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The Embattled Past

The Embattled Past: Reflections on Military History

Edward M. Coffman
Copyright Date: 2014
Pages: 212
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  • Book Info
    The Embattled Past
    Book Description:

    Internationally recognized for having reinvigorated and redefined his field, distinguished military historian Edward M. Coffman is a dedicated and much-admired teacher and mentor. In The Embattled Past, several of his most important essays have been assembled into a collection that serves as an essential reference to the discipline and an initiation to the study of military history for aspiring scholars.

    Coffman's introduction to the volume charts his own professional journey and sets the book within the larger context of Americans' attitudes toward their military, both inside and outside of academia. The essays explore a range of critical issues in military historiography -- such as strategies for conducting oral history and research methodologies -- and examine questions at the heart of the field. Included are two seminal essays on World War I, which provide a fascinating overview of American war strategies and illuminate the reasons why so many historians have ignored this critical turning point in twentieth-century history. The volume concludes with an unpublished essay detailing Coffman's experience of interviewing General Douglas MacArthur in 1960.

    This exciting new book offers readers insights into more than two hundred years of United States military history while also providing a comprehensive overview of Coffman's stellar contributions to the field. Important and engaging, The Embattled Past is a primer on the profession from one of the most honored scholars of our time.

    eISBN: 978-0-8131-4268-5
    Subjects: History

Table of Contents

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  1. Front Matter
    (pp. [i]-[vi])
  2. Table of Contents
    (pp. [vii]-[x])
  3. Introduction: Fragments of History
    (pp. 1-12)

    Military history evolved a great deal in the past century. Traditionally, the “drum and trumpet” genre dealt with heroes and the glory earned in battle. As the field of academic history developed in the early days of the twentieth century, teachers disdained that approach and attempted to bar it from the classroom. At the annual American Historical Association meeting in 1912, a few Regular Army officers and academics, including the famous Harvard professor Albert Bushnell Hart, gathered to discuss the future of military history in academe. The then president of the AHA, Theodore Roosevelt, attended this session and advocated that...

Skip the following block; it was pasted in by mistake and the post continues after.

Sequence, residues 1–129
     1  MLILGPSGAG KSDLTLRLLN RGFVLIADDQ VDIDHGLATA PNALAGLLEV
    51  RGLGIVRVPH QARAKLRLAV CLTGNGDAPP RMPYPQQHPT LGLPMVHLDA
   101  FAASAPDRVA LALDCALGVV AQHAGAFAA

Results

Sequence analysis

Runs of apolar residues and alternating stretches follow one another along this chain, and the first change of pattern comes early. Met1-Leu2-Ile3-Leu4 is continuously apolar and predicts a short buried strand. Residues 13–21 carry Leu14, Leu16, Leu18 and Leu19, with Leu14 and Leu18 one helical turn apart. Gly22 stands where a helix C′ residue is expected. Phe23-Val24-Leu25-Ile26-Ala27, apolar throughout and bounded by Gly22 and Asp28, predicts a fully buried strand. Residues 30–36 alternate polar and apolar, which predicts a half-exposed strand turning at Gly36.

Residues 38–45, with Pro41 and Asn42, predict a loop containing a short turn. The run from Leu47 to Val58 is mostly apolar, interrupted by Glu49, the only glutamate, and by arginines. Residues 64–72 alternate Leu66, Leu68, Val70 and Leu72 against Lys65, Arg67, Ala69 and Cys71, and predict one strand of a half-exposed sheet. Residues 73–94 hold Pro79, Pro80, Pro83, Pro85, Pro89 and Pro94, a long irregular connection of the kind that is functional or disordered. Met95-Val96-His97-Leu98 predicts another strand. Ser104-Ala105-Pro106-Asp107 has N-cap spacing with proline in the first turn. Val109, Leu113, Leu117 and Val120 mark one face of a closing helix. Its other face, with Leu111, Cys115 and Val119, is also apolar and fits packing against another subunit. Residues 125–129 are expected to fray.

4. The American Army in Peacetime
    (pp. 13-24)

    The end of the Cold War is bringing about significant reductions in the military budget, with the resulting base closures and, ultimately, force reductions. For more than four decades, the presence of an obvious potential enemy focused military thinking and kept military spending and strength much larger than in other periods between wars throughout American history. Besides, there were two rather large-scale wars in the past forty years that brought about sizable buildups and partial demobilizations. As planners look to the future, however, it should be of value to know how the army has coped with the problems of decreased...

  5. The Duality of the American Military Tradition: A Commentary
    (pp. 25-42)

    Several years ago, an ad man called from Milwaukee to ask me to check out an advertisement that he had just written. Rather than calling up images of scantily clad maidens or cute infants, he wanted to exploit the American military tradition to encourage people to purchase his product. The blurb he read to me included a list of five or six famous American battles. I have forgotten all but one—Dunkirk—because that, understandably, struck a jarring note. When I told him that Dunkirk was not an American battle, he pressed me at length. Why wasn’t it? Weren’t there...

  6. The American 15th Infantry Regiment in China, 1912–1938: A Vignette in Social History
    (pp. 43-66)

    In October 1932, Lieutenant William E. Carraway and his fiancée drove to Goldsboro, North Carolina, to ask her parents’ consent to their wedding. The thirty-year-old West Pointer had met Mela Royall while serving as an ROTC instructor at North Carolina State University in Raleigh. Now his assignment was coming to an end and the two wanted to go to his next station as a married couple. Mr. Royall was not at home so Bill explained the situation to Mela’s mother. Mrs. Royall promptly responded: “Well, if Mela wants to go, she has my consent even if you are going to...

  7. The Philippine Scouts, 1899–1942: A Historical Vignette
    (pp. 67-78)

    On 23 March 1901, a small band of Philippine Scouts captured the leader of the Philippine cause—Emilio Aguinaldo—and broke the back of the movement against the Americans. The war of Independence, or, as the Americans termed it, the Philippine Insurrection, had gone on since February 1899, and much fighting remained. Increasingly, the Americans relied on native auxiliaries—the Philippine Scouts and the Philippine Constabulary—to impose their rule on the archipelago of some seven thousand islands.

    When Brigadier General Frederick Funston, the leader of the expedition to capture Aguinaldo, asked the first sergeant of Company D, 1st Battalion...

  8. The American Military and Strategic Policy in World War I
    (pp. 79-98)